|The Ministry of Health's official Zalo account makes regular updates on epidemic developments across Vietnam.
Holding a smart phone, Pham Cong Tung of Trang commune, Gia Lai province, opens his Tan Lap hamlet's Zalo chat group to find COVID-19 news.
Every day, Tung says, the commune's Steering Committee for COVID-19 Prevention and Control sends two bulletins updating the epidemic situation in Gia Lai and other affected provinces and cities. Much of the information is presented in a graphic form, making it easier to figure out whether or not local people returning from another region need to complete a health declaration form.
Tung says that, through the group, the Committee can oversee whether people follow epidemic rules.
“The Zalo chat group is efficient, especially in regard to monitoring people arriving from another region or returning home from a quarantine facility. People with family members returning from another region can report their medical status to the local medical station through messaging or on a public website,” said Tung.
Tan Lap hamlet’s experience shows that social networks like Facebook and Zalo can help with epidemic communications in places with a widely scattered population.
With their wide coverage and fast dissemination of information, social networking platforms give people additional sources of COVID-19 information to help them respond to the pandemic.
En, Chairman of the People's Committee and head of the Steering Committee for COVID-19 Prevention and Control in Trang commune, says all five local hamlets have Zalo chat groups. Each group has 120 to 150 members representing all the local households.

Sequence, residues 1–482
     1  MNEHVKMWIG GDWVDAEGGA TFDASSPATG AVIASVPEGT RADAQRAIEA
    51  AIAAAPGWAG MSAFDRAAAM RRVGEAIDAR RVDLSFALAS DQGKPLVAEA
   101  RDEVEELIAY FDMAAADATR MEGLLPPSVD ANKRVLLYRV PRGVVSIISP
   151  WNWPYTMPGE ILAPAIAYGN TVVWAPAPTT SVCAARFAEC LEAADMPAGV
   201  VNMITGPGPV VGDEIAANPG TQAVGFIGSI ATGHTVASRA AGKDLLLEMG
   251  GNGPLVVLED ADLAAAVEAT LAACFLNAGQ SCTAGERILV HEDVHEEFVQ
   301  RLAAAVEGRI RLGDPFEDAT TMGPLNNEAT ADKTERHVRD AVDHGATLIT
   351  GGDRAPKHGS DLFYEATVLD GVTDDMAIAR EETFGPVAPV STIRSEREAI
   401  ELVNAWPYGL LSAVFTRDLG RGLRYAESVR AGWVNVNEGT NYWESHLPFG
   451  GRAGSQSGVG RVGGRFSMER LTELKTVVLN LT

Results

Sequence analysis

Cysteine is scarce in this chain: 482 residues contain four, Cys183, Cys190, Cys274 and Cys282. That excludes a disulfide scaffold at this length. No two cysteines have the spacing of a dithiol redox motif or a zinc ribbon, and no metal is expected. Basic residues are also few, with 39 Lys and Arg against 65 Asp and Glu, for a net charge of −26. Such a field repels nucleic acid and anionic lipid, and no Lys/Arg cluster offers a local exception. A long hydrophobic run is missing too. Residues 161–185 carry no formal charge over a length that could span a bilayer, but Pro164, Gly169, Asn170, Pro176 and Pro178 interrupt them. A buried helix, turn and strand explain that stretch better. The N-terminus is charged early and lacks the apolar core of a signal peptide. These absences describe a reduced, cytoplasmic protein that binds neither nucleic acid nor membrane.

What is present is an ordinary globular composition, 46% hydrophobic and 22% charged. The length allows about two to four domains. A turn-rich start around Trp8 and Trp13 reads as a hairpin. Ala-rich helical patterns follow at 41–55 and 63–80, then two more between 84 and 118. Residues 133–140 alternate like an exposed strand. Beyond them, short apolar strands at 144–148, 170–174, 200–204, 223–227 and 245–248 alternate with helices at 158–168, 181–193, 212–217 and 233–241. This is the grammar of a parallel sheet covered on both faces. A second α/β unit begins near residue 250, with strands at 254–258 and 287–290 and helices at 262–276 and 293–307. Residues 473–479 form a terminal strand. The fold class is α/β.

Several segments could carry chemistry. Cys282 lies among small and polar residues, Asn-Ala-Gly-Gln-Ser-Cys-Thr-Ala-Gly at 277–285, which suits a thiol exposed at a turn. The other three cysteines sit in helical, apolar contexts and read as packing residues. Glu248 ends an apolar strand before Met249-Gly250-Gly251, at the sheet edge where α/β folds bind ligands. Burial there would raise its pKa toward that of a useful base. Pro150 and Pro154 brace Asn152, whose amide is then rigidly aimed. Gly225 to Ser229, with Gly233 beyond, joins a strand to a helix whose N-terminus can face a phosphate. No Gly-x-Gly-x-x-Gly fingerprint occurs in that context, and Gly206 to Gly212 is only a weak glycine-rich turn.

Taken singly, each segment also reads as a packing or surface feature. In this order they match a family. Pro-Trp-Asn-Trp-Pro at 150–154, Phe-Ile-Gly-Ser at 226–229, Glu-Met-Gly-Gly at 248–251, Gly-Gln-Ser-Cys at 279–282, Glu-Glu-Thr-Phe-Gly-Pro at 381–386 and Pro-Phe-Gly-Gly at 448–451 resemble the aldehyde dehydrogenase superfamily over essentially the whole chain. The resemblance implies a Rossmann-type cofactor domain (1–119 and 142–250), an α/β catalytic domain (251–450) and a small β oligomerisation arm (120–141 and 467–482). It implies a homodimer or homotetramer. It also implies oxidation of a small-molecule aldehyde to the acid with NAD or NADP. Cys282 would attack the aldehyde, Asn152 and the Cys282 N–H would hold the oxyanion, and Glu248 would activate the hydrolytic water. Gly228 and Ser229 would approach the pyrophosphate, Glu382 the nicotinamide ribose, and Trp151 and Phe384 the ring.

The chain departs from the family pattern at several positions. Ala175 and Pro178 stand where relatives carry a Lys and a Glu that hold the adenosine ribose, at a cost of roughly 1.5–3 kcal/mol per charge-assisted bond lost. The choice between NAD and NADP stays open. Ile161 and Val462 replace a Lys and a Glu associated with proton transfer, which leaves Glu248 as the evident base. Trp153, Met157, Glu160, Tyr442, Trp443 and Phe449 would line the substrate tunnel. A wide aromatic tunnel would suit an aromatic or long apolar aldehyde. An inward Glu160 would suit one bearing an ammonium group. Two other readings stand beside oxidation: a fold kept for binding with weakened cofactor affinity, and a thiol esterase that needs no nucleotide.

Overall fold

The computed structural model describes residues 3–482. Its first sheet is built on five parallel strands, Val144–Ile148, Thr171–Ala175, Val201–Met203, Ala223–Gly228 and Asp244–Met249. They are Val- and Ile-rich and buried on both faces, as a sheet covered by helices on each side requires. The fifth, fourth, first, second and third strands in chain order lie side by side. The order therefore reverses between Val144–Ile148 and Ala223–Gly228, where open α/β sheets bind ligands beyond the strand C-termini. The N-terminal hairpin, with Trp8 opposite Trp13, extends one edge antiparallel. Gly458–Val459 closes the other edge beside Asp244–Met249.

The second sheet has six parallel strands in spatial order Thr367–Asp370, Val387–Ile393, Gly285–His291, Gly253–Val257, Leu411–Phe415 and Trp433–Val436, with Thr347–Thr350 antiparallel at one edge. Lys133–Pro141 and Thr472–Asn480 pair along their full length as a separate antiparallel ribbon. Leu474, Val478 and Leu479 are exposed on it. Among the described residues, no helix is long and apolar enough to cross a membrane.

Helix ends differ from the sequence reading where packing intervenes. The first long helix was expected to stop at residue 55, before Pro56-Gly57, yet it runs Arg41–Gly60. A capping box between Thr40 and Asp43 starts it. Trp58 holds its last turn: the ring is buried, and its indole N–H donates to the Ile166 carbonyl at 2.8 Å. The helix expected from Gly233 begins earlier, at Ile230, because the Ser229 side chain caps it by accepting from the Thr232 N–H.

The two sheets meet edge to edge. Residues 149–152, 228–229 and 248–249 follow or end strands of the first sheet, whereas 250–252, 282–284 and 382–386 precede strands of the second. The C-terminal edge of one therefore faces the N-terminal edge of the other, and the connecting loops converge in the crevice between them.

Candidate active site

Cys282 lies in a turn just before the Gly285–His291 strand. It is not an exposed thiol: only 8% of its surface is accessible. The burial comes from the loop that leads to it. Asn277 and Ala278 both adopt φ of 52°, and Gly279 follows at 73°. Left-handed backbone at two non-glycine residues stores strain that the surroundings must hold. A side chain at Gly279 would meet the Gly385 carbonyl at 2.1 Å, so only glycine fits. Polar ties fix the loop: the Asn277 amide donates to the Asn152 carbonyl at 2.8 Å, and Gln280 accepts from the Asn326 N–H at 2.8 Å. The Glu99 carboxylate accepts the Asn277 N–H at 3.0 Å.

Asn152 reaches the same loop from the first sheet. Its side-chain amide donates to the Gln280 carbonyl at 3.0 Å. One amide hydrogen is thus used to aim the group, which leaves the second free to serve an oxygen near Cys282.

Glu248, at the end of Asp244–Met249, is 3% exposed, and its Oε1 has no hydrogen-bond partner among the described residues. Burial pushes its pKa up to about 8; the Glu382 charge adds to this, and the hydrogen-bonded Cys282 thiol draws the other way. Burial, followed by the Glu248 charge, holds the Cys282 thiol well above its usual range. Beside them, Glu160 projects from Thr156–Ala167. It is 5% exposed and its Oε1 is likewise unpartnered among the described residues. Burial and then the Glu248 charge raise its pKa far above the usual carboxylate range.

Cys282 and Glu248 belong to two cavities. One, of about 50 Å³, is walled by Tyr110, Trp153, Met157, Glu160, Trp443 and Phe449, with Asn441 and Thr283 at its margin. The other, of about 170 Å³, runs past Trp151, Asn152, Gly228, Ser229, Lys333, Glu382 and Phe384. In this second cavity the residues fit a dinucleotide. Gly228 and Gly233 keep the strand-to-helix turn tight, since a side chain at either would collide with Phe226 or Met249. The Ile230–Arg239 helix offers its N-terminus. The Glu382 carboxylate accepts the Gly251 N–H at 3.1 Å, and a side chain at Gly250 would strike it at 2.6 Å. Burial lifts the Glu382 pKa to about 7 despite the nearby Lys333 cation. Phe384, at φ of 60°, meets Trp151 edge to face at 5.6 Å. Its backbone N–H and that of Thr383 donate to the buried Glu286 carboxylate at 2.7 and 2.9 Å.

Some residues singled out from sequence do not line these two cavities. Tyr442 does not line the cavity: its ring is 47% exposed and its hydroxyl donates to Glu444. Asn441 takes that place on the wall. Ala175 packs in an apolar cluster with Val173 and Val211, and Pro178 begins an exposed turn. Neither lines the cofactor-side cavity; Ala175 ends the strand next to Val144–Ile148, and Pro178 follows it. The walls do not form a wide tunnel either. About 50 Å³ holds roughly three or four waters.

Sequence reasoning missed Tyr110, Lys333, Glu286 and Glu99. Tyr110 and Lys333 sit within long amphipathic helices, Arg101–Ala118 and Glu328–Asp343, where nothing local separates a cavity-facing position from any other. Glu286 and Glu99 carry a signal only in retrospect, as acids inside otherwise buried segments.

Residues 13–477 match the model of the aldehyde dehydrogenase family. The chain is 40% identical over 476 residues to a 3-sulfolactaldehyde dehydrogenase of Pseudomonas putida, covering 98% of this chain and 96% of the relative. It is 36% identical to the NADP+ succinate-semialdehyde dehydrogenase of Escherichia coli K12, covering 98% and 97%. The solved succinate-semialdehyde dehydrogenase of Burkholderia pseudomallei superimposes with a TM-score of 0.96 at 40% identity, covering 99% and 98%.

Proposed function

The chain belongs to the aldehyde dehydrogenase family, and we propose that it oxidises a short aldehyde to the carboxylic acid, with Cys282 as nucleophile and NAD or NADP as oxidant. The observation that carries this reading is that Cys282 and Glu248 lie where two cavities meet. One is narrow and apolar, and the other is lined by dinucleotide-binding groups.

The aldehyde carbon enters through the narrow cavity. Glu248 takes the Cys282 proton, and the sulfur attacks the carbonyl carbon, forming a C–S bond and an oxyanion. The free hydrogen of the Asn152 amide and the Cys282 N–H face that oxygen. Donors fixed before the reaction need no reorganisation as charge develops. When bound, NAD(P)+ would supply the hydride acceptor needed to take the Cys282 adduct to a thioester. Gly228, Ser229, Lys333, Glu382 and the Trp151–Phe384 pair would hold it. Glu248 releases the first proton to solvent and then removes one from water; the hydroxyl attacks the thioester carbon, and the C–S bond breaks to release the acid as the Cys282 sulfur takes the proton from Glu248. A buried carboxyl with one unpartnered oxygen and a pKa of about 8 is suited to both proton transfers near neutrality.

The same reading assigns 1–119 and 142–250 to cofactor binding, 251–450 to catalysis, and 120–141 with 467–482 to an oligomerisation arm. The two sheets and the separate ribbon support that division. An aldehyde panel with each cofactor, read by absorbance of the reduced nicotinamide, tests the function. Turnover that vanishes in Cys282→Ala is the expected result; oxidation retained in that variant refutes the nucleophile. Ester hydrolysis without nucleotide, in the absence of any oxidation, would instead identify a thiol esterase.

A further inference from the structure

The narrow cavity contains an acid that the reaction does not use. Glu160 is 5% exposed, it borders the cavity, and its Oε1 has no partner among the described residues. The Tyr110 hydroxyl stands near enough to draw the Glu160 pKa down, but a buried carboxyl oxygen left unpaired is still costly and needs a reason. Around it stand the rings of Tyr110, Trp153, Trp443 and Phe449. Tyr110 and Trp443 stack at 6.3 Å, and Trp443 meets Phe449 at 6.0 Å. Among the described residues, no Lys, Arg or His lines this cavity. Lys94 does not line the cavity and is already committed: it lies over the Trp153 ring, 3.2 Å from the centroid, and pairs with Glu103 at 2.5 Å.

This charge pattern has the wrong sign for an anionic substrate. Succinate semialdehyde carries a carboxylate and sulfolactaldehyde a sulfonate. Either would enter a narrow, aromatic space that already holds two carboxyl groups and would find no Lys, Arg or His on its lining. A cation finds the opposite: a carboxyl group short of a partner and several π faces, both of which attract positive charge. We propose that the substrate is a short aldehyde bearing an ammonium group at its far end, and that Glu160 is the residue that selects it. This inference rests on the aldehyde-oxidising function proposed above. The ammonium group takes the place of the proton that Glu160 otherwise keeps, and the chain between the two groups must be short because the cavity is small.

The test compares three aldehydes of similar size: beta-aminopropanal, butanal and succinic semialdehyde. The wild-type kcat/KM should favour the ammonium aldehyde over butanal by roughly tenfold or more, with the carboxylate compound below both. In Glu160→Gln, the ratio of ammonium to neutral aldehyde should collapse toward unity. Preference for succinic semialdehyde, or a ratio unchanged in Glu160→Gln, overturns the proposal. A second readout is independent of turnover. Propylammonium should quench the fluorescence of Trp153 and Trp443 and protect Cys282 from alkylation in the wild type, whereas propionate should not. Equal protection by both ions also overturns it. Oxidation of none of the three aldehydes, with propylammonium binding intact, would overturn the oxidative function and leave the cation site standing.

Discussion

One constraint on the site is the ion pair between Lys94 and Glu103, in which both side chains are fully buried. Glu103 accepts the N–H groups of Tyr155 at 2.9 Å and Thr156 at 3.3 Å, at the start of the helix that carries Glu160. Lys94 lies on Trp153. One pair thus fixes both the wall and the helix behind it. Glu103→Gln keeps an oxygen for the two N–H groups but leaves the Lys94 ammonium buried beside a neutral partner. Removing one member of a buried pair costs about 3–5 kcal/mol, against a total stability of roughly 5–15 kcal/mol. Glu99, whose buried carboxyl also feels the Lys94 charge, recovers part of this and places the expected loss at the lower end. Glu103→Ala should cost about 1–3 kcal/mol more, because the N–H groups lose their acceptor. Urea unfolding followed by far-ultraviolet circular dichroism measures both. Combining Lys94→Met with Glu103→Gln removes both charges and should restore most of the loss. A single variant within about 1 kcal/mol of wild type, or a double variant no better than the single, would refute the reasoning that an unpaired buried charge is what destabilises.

According to En, committee members have joined the chat groups to quickly clear up people's questions about things like health declarations or quarantining at home.
“Thanks to the Zalo chat groups, the local authorities and Steering Committee can get information about returnees and make sure they are properly quarantined. Group members also know what they should do if they come back from an affected locality. For example, people returning from HCMC understand that they must go directly to the local medical station to complete a health declaration and then enter quarantine,” said En.
Online communications have reduced operating costs and increased the effectiveness of epidemic prevention measures, says Nguyen Thi Lan Anh of Lao Cai province’s Center for Disease Control.
She said, “I think providing feedback and posting information quickly and accurately on a fanpage or chat group are a great way to support the epidemic fight and help trace the origin of an outbreak."
Captain Dam Mai Minh Tuan of the police force of Dak Doa district in Gia Lai province, said, “If young people using social networks outnumber their elders, it’s easier to spread information. It only takes a few seconds to post new information on a social network for everyone to see.”
Major Khuat Duc Hieu, head of the Trang commune police, says that the Zalo chat groups enabled his unit to achieve their target of issuing 3,600 ID cards between March and June while still enforcing all COVID-19 prevention and control regulations.
“When they apply for an ID, we invite them to join our Zalo chat group. They then spread the word and encourage their neighbors to follow suit. A Zalo chat group creates a friendly environment and makes large gatherings unnecessary,” said Hieu.
Computers and smart phones are in wide use across Vietnam, even in remote areas. Statistics show that 73% of the population in Vietnam use at least one social network, with Facebook, Zalo, and movie-watching apps the most popular.